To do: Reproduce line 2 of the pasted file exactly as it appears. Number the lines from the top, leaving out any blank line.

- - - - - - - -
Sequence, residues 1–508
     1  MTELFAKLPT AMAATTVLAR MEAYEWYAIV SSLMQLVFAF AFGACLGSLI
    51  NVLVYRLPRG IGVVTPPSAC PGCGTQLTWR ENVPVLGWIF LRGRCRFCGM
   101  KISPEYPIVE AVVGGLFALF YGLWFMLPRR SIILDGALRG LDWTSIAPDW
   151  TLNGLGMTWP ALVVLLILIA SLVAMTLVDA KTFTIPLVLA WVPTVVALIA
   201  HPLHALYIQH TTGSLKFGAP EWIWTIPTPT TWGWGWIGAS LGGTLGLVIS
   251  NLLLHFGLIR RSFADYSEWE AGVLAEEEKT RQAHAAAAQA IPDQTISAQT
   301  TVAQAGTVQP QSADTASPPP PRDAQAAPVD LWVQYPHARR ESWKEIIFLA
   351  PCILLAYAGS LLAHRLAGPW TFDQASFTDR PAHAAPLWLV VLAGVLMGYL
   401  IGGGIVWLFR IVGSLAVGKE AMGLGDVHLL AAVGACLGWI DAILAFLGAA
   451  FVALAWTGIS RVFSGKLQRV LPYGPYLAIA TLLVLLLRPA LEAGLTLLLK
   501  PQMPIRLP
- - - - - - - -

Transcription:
     1  MTELFAKLPT AMAATTVLAR MEAYEWYAIV SSLMQLVFAF AFGACLGSLI